Are sociologists researching climate violence?

E Fox

 

The Current Climate Change Reports journal has a special issue that presents literature reviews from five social science disciplines on climate change and conflict. Published at the end of 2017, the main focus is on social science contributions since the Intergovernmental Panel on Climate Change (IPCC)’s Fifth Assessment Report (2014). The five disciplines the issue covers are anthropology, criminology, economics, geography, and political science.

 

Notice that there is no contribution from sociology. Several prominent sociologists, as well as the Environment and Technology, and the Peace, War, and Social Conflict sections of the American Sociological Association (ASA), were approached but declined. Editor Elisabeth A. Gilmore writes that the authors indicated it was not their area of expertise. Some, mainly junior faculty members, expressed interest but noted the dearth of literature from their discipline.

 

Although there appears to be a distinctly US slant as to where they sought sociologists, there seems to be a lack of sociological application in this area. Admittedly, I do not say this as someone who has carried out some systematic Boolean search-string of the literature, nor as someone who holds much expertise in climate conflict but it is not a topic that I come across often when reading sociology of climate change. 

 

A point worth noting is that sociology as the all-encompassing discipline inevitably overlaps with the research of other disciplines. The overlap between sociology and human geography is particularly striking and I know of several sociologists employed in geography departments. Therefore, much of the research being done into the social science of climate conflict can have strong sociological leanings despite sociology’s apparent absence.

 

Of course, this study group welcomes input into climate change research from any discipline as long as it is broadly sociological. Sociology can and should still benefit from the intellectual contribution of other disciplines such as from the valuable spatial and place-based emphasis of geography. But as a specific discipline with a particular theoretical heritage and research emphasis – e.g. societal power, the structural nature or relationality of social phenomenon – and as a need to resist managerial impulses to obliterate such knowledge repositories by amalgamating social science departments or subordinating the third level universe to STEM, it remains important to develop sociology’s specific contribution.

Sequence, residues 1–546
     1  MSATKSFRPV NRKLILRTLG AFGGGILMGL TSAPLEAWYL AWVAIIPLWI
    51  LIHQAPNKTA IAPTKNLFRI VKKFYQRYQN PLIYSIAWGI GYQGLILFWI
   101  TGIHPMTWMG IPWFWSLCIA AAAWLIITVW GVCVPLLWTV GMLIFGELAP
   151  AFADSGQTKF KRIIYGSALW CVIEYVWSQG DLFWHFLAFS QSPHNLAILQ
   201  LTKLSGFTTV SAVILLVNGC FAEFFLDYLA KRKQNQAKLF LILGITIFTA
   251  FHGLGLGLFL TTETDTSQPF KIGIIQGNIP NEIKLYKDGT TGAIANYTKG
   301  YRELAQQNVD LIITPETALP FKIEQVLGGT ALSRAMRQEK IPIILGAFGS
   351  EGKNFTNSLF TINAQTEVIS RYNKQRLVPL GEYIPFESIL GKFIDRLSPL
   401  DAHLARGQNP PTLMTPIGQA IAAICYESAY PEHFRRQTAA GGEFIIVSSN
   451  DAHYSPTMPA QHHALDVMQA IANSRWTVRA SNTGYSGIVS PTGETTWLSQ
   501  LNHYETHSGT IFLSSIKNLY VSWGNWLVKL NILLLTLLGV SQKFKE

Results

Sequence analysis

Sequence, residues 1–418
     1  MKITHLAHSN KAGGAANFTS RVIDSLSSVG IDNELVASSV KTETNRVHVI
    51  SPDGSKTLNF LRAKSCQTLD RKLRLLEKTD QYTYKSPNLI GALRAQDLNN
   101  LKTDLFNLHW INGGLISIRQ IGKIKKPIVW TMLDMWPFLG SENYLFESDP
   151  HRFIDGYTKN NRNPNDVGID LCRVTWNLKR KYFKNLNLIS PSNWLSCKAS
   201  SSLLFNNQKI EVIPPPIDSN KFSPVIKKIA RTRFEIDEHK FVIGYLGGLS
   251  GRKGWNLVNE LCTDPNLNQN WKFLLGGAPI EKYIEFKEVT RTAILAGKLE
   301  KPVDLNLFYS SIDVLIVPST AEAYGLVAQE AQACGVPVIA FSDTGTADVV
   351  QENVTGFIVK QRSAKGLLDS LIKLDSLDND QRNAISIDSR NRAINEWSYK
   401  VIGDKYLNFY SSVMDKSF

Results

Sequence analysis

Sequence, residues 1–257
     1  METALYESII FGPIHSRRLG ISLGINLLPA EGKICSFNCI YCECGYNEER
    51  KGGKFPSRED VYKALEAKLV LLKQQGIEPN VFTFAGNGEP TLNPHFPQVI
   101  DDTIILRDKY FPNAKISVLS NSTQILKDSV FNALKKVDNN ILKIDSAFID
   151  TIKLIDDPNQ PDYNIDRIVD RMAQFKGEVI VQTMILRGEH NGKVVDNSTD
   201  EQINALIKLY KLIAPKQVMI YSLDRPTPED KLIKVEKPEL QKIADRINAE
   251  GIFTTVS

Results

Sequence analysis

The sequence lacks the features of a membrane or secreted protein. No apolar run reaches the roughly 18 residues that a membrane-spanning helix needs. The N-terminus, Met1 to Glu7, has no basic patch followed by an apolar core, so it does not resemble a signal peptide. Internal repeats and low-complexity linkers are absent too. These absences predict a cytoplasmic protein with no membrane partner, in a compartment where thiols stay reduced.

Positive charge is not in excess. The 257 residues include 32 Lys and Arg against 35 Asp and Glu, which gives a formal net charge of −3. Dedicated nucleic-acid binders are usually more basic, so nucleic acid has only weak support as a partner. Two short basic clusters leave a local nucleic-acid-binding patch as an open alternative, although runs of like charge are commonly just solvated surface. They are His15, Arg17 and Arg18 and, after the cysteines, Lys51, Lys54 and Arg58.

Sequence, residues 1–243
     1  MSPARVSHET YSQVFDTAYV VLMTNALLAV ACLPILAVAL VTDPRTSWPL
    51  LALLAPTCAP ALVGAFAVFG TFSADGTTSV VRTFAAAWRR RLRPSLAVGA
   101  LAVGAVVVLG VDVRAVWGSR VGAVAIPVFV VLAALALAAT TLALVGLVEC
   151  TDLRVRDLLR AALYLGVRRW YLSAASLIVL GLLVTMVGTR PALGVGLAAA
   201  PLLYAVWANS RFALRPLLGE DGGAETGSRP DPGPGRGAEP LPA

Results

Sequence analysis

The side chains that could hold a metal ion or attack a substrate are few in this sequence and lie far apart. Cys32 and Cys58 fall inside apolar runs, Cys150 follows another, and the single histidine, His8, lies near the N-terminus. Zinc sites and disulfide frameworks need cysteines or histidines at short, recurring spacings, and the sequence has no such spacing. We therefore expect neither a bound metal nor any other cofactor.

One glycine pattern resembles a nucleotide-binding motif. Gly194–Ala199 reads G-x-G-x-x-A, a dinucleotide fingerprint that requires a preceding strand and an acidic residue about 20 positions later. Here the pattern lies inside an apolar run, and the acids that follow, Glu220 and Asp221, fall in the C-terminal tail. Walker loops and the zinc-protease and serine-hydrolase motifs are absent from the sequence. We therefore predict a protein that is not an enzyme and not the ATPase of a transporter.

Therefore, it would be useful for study group members to know of the research, past and future, in this area along with possibilities for sociology’s future contribution. Relatedly, Gilmore notes that recent sociology literature appears to show some potential – specifically mentioning Bonds (2016) critique of climate violence research.

 

Some insights from Bonds and the special issue would caution future researchers to be alert to the need to concentrate as much on the possibilities for pulling together, as to falling apart, in times of climatic distress, and not to presume the latter over the former. They also caution against over-focusing on conflicts of the Global South and the potential climate-related violence of the poor. 

 

According to Bonds critics of ‘orthodox climate violence researchers’ argue that they rely on environmental determinism that naturalises conflict within the warmer Global South and depoliticises the emergence of climate vulnerabilities. It is also a focus that directs attention away from the violence of the powerful. Especially, the structural violence inherent in climate change itself, as fossil fuel companies conspire against climate legislation, leading the world towards “profound, and otherwise avoidable, human suffering” (Bond, 2016).

 

In the sense of structural violence, sociologists could already be considered to be researching climate violence. Perhaps sociology’s further contribution to this area, therefore, might involve naming the climate violence of the powerful in their research and positioning it within the climate conflict debate.